NEPAL doctor’s report


Here is an account from Dr. Fazila Lalani, an ER physican from NY, who volunteered with Amurt Amurtel in Nepal immediately after the earthquake there in May.

So, I arrived safe and sound, with amazing hosts who speak perfect English (which is great because a giggle erupts every time I try my Hindi). At every meal, someone keeps refilling my plate over and over, saying “Doctor, you have to work, we can’t have you go hungry!” Needless to say, I’m well taken care of.
Being here is obviously extremely sad, but it’s amazing to be living in a world, albeit briefly, where everyone only has helping others on the mind, 24/7. It’s wild to watch everyone rally for endless strangers, stay up till the late hours coordinating donations, trips, transportation, supplies…one volunteer turned around and drove back from a trip to the Indian border to buy more Tarps because there are none to be found in Kathmandu. Just image a world like this every day, everywhere. Image how successful a society we would be?
I’m working with an organization called AMURT/AMURTEL that I came across while in Haiti in 2010.  Just a glimpse of what we’ve been doing: two days ago, a group of us- 3 doctors and 6 volunteers, drove 4 hours (110 kms) from Kathmandu on a gorgeous but scary mountainous road to one of the many villages in the Himalayan mountains that was devastated by the quake.
We set up 3 tables in front of the makeshift tent Police Station around 3 pm and saw patients until dark. We stayed in a little motel in the town which was completely empty, even the owners and staff slept on sheets on the ground floor, fearful that the earth would shake again. (There are multiple small quakes throughout the night, few that my sound sleeping self ever witnessed but definitely a conversation topic every morning over tea. Oh wait, one just hit right now! Probably just a 2-3 on the Richter scale, it lasted about 2-3 seconds and felt like the first rattle when your roller coaster is about to take off.
I awoke to the most beautiful dew over the Himalayan Mountains and meditated with my team at 5 AM. We started the Medical Camp again at 6:30 and saw another 100 patients in 3 hours. Tarps and bags of rice were distributed to the families whose homes were the most destroyed and I will remember their expressions of appreciation for a long time to come.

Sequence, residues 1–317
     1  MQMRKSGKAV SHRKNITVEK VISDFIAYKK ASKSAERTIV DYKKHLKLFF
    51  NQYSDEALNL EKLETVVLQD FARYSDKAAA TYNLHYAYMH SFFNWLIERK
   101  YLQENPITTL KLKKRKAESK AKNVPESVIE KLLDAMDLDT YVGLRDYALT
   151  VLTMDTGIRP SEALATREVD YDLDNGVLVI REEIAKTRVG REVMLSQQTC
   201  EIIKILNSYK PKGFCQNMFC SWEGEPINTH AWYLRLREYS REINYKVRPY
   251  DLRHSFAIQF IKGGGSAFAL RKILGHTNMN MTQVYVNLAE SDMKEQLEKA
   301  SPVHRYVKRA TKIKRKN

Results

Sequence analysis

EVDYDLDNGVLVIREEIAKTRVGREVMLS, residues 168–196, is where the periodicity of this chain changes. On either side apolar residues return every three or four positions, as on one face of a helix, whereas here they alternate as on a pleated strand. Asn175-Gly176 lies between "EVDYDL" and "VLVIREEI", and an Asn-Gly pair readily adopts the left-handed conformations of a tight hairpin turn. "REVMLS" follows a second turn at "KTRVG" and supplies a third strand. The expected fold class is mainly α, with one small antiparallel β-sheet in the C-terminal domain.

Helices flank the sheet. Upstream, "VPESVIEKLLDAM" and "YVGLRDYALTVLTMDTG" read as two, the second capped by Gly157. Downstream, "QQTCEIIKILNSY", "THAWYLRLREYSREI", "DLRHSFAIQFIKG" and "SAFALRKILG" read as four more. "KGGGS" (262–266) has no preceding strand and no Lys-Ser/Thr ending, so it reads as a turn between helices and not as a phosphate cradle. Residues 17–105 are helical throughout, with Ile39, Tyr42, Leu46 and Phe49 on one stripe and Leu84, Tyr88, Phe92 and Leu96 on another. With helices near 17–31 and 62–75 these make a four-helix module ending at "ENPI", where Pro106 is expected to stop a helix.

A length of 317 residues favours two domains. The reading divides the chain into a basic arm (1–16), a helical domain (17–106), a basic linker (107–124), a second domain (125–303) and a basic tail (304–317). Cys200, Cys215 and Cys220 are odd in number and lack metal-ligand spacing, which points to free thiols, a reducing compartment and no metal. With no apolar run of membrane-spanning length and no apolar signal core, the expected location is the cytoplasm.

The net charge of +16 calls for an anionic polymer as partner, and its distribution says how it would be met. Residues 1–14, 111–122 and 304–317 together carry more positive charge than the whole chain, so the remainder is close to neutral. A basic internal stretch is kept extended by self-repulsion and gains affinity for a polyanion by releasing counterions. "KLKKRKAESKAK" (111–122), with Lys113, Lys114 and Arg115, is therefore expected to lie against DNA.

A pick-up truck drove us down an extremely bumpy 30 minutes into a village deep in the Himalayas. Our first village for medical relief aid was Farsidol Village, roughly a 2-hour drive from Kathmandu. The villagers lined up as soon as they heard our car. I’ve travelled remotely before but this was definitely the “remotest”, and also most beautiful and most appreciative place I have ever been. We saw another 130 patients and witnessed an endless number of brick and mortar homes crumbled into pieces and the locals working endlessly to put them back together again.
When we returned to our car back on the main road, another 50 people were waiting for us. We set up camp at the local farmer Potato Co-op, which provided great shelter as we saw farmer after farmer in the pouring rain.
We returned to Kathmandu after a long day, seeing over 300 people, and found the volunteers who stayed back, working hard on the phones trying to collect supplies so we can do it all again today.
Needless to say, I feel so fortunate to be a part of this team. If you ever have an opportunity to give back, jump on it. It feels so good. Actually, I take that back…seek out the opportunity…you’ll get more out out of it than you could ever give.